Informed Decision-Making: The Importance of Distillation and Synthesis

Music administrators face many issues. Daily, issues in considerable number and breadth appear and require attention, reflection, analysis, and action. Local parameters, professional expectations for music teaching and learning, and community-wide educational cultures and procedures are springboards as music executives employ their skills to gather information, shepherd conversations, assemble consensus, and develop courses of action. When successful, such efforts not only produce positive results, they also increase trust in decision-making elements and processes. Confidence is built from such successes and other components as well; for example, operational fealty to a clearly articulated and shared vision; factual, true, and genuine information analyzed and applied carefully; and considered conclusions and stable mechanisms that inform and assist individual and small group operations, work, and evaluation. Clearly, trust is a critical common element and must be built in many dimensions and on many levels.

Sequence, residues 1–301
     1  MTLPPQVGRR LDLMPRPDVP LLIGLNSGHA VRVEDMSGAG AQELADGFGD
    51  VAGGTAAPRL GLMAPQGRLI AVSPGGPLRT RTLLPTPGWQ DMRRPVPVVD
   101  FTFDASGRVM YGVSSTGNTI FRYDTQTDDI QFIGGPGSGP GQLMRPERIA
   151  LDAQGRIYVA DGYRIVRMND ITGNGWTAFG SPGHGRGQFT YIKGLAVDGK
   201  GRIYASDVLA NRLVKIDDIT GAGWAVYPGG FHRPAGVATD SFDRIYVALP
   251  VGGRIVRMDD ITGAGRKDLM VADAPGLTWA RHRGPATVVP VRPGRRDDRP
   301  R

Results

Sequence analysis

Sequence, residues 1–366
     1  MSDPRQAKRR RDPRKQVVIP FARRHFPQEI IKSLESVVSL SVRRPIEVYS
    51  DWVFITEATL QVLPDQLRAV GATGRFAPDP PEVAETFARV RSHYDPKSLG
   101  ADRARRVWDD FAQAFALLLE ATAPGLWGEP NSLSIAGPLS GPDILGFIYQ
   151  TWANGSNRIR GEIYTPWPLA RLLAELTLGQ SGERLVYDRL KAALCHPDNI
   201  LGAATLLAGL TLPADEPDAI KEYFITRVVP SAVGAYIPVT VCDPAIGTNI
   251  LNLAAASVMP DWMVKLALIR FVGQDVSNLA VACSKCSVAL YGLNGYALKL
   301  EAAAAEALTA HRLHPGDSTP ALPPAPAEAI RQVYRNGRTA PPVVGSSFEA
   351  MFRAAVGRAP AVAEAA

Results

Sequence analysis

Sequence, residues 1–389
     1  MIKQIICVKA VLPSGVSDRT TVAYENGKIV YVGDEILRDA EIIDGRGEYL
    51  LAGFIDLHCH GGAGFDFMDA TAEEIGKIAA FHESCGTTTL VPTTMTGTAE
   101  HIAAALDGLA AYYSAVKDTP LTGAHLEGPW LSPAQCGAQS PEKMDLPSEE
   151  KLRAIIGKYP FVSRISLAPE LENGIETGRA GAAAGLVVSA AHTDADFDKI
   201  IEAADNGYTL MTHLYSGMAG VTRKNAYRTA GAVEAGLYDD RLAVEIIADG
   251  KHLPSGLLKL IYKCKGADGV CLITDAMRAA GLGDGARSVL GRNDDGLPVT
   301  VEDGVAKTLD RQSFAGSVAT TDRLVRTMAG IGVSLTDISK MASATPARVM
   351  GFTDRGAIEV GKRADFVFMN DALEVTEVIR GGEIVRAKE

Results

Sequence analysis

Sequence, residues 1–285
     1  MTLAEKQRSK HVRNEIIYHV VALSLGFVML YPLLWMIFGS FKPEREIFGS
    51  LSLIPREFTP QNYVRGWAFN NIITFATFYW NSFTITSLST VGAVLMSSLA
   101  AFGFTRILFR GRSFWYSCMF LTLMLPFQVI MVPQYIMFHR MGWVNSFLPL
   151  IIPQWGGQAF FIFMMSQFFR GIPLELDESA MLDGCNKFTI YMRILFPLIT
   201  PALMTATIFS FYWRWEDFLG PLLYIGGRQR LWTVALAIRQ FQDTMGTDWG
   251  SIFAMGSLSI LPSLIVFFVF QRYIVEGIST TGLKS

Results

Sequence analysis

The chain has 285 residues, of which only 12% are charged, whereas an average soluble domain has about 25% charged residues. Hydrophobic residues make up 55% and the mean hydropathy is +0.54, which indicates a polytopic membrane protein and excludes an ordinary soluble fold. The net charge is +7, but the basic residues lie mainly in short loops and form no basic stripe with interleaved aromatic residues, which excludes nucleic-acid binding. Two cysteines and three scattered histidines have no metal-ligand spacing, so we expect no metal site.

Accuracy and quality of information are major ingredients in building and maintaining trust. Whether facing the effects of a critical situation or anticipating what will come next, good and real information is key, as is honesty about the true status of information based on estimates: the ways and the extent to which estimates may be accurate at any given, but not necessarily in the next, moment. But there is more. It would appear that a characteristic shared by the most successful music administrators is a desire to seek virtuosity in understanding detail by studying, evaluating, distilling, synthesizing, and formulating information-based conclusions for others to review, to use in their own efforts, or to employ while cooperating with others. These information-based results are usually institution-specific. Most often, they do not spring forth from raw information itself, but rather from a process that includes reviewing specific issues in light of multiple contexts, starting with core purposes and functions and moving on to current local, regional, and at times, national conditions and climates. These administrators also master the art of leading, of making changes when new information indicates that a previous decision should be altered. Such careful considerations are oriented more to making institution-specific choices than to discovering and following what is being said, thought, or done elsewhere. The conversation and considerations in such environments are almost always pure in nature and intent and therefore typically focused on actions that are designed to serve the greater good.